A Rose By Any Other Name

Uncovering metaphor in Earth Science textbooks

Researchers are considering the role of conceptual metaphor use in science teaching and learning.

Conceptual metaphor is giving meaning to an abstract concept (target) in terms of a more concrete concept (source), one developed from embodied experiences. Characteristic of metaphors is that they highlight aspects of reality while hiding others. Experts are aware of what is highlighted and hidden taking it for granted when teaching or writing textbooks. Novices, who do not know which aspects they are supposed to consider or ignore, can interpret the metaphor in unintended ways, impeding learning. Metaphors can also be linked to references more familiar to students from a particular cultural or ethnic background, creating a bias in the learning experience that limits contributions from diverse learners.

This project analyzes multiple introductory geoscience textbooks for their use of metaphor. We aim to identify the more common metaphors used from book to book and determine if they relate to common misconceptions that students have in geoscience and/or may limit the learning experience from a diversity perspective. If there are problematic metaphors, we will analyze them for their limitations and develop strategies to mitigate the difficulties. These strategies could range from instruction on the limitations of the metaphor to developing new metaphors. We would then try to measure effectiveness of the strategies for student learning.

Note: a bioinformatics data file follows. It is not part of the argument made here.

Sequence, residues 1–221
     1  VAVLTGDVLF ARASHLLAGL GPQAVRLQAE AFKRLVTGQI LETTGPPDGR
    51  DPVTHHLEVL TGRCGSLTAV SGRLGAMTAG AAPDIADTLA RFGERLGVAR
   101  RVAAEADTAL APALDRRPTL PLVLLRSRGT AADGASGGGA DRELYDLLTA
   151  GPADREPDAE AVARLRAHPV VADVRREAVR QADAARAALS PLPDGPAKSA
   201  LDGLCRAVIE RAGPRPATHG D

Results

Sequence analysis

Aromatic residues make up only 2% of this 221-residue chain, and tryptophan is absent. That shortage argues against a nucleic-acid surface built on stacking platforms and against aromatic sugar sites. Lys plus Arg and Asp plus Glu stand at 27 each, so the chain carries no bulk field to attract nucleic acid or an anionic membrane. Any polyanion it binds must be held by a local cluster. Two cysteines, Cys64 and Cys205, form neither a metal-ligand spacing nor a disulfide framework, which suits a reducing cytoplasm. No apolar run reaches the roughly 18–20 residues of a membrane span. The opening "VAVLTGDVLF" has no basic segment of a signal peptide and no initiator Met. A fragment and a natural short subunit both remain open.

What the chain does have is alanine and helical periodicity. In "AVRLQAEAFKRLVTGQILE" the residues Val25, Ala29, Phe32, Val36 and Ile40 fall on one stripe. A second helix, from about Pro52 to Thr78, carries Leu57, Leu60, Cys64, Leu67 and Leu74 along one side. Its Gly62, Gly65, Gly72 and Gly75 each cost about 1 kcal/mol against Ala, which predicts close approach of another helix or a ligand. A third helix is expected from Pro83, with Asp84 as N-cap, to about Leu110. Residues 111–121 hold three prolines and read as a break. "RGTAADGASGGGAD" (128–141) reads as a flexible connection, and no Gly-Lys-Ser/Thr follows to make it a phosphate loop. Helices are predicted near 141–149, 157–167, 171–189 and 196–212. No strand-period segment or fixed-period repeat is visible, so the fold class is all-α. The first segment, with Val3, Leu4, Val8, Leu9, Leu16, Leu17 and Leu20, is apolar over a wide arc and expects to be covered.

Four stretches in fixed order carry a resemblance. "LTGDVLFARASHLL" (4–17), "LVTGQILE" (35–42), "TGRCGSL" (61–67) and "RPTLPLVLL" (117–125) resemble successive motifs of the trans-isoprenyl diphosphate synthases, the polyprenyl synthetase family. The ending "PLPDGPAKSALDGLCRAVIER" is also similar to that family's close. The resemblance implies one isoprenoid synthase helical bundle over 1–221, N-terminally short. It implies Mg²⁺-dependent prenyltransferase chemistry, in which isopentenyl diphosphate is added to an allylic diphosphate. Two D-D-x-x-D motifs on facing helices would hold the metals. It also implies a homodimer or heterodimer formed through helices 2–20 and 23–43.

A rose by any other name would smell as sweet

William Shakespeare

The Problem

Linguistic metaphors may influence educational outcomes.

But just what metaphors are commonly used in geoscience education and with what educational outcomes are unknown.

The Approach

The Team


Dr. Glenn Dolphin

Glenn Dolphin is the Tamaratt Teaching Professor in Geoscience. His research focuses on how students learn in geology and he is especially interested in how the use of history and the use of metaphor influences student learning.


Dr. Brandon Karchewski


Cristina Moldoveanu Constantinescu


Jason Curtis Droboth

MSc Geoscience Student

Jason Curtis Droboth is a graduate student studying science communication. His research examines how major Earth and Space Science organizations like NASA and the AGU use their social media accounts to represent the Earth to the public. He uses Social Semiotics and Multimodal Discourse Analysis to make sense of how complex multimodal texts, like social media posts, leverage and combine semiotic resources to create representations of the Earth.

Past Presentations